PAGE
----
Artsy Flash Games

I am having a major case of writers block. This is the honest truth. I have spent most of my Sunday morning (this was typed on Sunday) staring at a blank post form in my WordPress setup, taking frequent breaks to watch Youtube videos (Bioshock 3 game play video blew me away) and amuse myself with flash games. I have bunch of unfinished posts in the queue but half of them don’t feel right and the other half are just ideas I jotted down in the past. They are more of sentences or slogans than actual posts. But the words are just not coming. This is of course just a temporary condition – it comes and goes. In most cases the best way to shake it off is to just start writing anything – random rambling helps me to get back into the flow.

So I figured, I might as well share the crap I have been doing today. If I’m not mistaken this post will be queued for Friday, and I try to make Friday posts be weekend themed – having to do with entertainment, movies or games. So flash games.

Somehow I stumbled upon Everyday the same Dream. It is sort of an exploration of the bleakness and depressive quality of modern life. It is about a nameless, faceless guy who is stuck in a rut, repeating the same routine of waking up, getting ready to work, driving in a traffic jam and slaving away in a cubicle farm every day. But you can break the cycle, and choose to interrupt his normal routine with interesting results. I spent 15-20 minutes playing it, trying to find all the cycle busting methods and thought it was rather
interesting game piece.

The style reminded me of ImorTall which uses a similar gray and black color palette and similar mechanic of just holding the walk button to see what happens. It is very short (less than 5 minutes) but it does provide an interesting commentary on war atrocities, unexpected friendship and loss.

Another game with a good story is In the Company of Myself. A short platformer with some interesting, innovative mechanic and some excellent writing. I heard it described as “poor man’s Braid” though I can’t comment on how accurate this is since I never played Braid. Either way, stick with it for the first few levels. It’s worth it. It’s actually more of a “game” than the other two because some of it’s jumping puzzles are somewhat challenging.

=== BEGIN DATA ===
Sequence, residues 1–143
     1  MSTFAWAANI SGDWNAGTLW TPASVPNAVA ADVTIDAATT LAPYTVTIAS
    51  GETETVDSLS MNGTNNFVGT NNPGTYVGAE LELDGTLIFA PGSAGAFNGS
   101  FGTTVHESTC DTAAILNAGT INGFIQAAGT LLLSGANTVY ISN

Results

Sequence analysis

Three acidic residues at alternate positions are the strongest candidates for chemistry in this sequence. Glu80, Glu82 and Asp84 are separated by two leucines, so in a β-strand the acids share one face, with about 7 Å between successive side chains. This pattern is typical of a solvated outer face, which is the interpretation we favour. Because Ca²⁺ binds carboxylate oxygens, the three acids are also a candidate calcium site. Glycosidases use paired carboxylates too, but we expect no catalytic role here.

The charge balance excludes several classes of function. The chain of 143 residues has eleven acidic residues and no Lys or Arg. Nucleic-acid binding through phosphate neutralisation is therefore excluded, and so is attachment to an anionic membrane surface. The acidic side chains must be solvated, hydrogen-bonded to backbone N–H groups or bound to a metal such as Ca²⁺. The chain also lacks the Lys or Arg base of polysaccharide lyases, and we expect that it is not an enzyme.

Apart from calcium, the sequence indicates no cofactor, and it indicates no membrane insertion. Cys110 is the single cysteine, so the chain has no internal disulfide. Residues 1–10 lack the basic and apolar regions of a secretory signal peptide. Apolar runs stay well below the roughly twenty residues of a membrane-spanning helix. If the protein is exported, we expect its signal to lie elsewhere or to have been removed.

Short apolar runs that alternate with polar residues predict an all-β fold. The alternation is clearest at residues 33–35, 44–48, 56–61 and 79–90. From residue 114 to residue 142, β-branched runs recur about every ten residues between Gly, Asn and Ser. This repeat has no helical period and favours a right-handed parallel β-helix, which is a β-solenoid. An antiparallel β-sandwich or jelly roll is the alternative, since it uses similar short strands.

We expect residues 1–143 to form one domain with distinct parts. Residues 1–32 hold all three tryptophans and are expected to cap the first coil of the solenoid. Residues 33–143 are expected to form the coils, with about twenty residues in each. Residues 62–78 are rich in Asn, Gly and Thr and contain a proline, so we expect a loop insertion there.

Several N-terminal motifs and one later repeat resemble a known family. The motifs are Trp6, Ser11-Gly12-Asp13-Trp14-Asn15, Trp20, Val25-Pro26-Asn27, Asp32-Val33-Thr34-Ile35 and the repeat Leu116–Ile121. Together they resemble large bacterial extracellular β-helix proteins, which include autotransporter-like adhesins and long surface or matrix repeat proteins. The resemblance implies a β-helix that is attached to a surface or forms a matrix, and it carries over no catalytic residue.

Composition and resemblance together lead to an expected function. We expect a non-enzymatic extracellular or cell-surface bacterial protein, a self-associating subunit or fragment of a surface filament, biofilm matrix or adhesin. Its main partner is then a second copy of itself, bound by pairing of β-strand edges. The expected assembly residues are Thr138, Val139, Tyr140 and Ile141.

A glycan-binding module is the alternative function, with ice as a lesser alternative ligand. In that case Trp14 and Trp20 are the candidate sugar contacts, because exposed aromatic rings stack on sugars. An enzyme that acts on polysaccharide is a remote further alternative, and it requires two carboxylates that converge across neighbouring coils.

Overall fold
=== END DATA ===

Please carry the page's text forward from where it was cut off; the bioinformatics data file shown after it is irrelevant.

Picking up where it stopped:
Coma has a pretty decent story as well. You play a little boy exploring an odd oneiric world full of strange people, and off messages scribbled on the walls. Odd, stylistically pleasing, and very moody.

Then of course there is Today I Die which is more of an interactive poem than a game. Along with the Majesty of Colors (in which you wake up as a sea monster) it represents a very minimalistic approach to this medium. They tell stories by using very few words, and visuals.

Of course the loaded question here is, whether or not these things are art? Roger Ebert would say they are not, but then again he is an old close minded curmudgeon who have never seen a video game he didn’t hate so his opinion doesn’t really count unless he is talking about movies. Most people in the industry do agree that games can be used as an artistic medium. Games like Braid, Flow, Flower, are very much art pieces. So are games such as Portal or Bioshock with their style, and complex storytelling. So are the few, minimalistic flash titles I listed above.

But it is a medium in its infancy. We are just begging to learn how to use this interactive medium to tell mature stories. We have yet to see the video game equivalents of Shakespeare or Michelangelo’ works to emerge. But I’m confident that we will once get there. Ebert claims that interactivity of video games will prevent them from ever achieving that status. That the freedom games give to the player prevent designers from creating compelling artistiv vision. But don’t we already have forms of artistic expression that do include interactivity and participation?